People may believe that they can overcome their clonazepam dependency alone. Benzodiazepine addictions can be quite difficult to overcome, and can present health risks during the acute withdrawal period. For these reasons, evaluation by an addiction treatment or other medical professional is strongly urged prior to any attempts at recovery. Many struggling with clonazepam and other sedative use disorders are helped immensely by enrolling in a professional substance abuse treatment program.
As part of a treatment program, you’re likely to first be put through a detoxification program, which should consist of gradually reducing the dosage to avoid and manage dangerous symptoms that accompany benzodiazepine withdrawal. At the onset of the program, it will be essential to communicate the dose, frequency, and duration of your clonazepam use to ensure the appropriate level of care.
In addition, you may be prescribed other medications to alleviate the withdrawal symptoms associated with ceasing use of clonazepam that were outlined earlier.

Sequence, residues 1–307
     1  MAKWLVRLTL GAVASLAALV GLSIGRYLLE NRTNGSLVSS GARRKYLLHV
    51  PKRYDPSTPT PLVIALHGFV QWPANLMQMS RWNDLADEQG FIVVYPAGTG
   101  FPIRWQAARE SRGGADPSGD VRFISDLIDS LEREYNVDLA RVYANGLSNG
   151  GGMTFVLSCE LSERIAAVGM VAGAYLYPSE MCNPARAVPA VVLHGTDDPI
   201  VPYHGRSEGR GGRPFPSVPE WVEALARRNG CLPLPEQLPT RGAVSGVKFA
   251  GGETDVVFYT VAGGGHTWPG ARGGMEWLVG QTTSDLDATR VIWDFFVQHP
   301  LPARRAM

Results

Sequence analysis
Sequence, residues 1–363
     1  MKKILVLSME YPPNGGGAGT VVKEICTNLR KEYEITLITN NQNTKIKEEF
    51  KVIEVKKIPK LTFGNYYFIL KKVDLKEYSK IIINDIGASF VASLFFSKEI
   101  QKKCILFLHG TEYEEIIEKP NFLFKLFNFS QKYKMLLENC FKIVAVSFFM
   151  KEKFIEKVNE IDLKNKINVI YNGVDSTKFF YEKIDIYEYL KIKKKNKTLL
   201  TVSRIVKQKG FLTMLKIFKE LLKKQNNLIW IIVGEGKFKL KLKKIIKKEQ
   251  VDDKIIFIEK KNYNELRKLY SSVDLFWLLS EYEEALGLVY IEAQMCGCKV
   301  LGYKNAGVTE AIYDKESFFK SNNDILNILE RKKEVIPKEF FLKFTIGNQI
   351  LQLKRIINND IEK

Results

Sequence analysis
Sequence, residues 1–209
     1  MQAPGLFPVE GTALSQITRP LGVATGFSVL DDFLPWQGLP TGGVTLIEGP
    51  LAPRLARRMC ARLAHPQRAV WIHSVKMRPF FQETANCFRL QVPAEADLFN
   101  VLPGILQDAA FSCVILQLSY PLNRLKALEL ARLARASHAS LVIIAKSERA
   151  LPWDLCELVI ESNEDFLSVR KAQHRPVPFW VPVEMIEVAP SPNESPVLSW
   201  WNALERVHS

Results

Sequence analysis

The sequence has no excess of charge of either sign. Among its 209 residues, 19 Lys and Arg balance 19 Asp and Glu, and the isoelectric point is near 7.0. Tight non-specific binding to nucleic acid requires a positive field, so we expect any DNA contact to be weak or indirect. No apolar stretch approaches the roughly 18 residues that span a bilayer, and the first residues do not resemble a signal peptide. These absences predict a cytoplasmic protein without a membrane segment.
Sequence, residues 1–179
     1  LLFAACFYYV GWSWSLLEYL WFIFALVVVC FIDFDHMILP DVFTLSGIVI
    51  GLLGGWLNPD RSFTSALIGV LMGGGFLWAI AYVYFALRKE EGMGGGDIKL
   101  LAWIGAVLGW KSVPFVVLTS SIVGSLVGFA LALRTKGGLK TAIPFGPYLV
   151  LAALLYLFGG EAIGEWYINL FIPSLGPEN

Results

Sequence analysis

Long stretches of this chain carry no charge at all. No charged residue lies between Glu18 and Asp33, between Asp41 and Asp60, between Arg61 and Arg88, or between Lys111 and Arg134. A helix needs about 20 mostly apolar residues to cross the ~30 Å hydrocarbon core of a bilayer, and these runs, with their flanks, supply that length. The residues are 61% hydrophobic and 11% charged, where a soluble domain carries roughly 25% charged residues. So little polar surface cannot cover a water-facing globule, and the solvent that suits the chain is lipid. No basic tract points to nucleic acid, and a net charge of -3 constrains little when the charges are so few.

After you complete the detox program, the psychological aspects of your addiction will be addressed with ongoing addiction treatment–either in an inpatient rehab facility or through an outpatient program. Generally, treatment for addiction includes counseling or therapy aimed at helping understand the underlying factors that drove the drug abuse or addiction. Also, mental health treatment can work to plan measures for the future to improve coping skills and prevent further abuse of clonazepam.
Typically, clonazepam rehab programs can last anywhere from 28 to 90 days depending on the severity of the addiction and the patient’s physical and mental needs. To learn more about clonazepam abuse and clonazepam rehab centers, contact us at 1-888-744-0069 .
Statistics on Clonazepam Abuse
Nearly 17 million prescriptions for clonazepam were written in the US in 2011.
Benzodiazepines like clonazepam are a very commonly abused class of prescription drugs. Often, people who consume these drugs do so in combination with other drugs or alcohol. Nearly 95% of people who sought treatment also abused another substance in addition to benzodiazepines. Typically, polydrug abuse occurs to enhance or modify the desirable influence of the respective substances.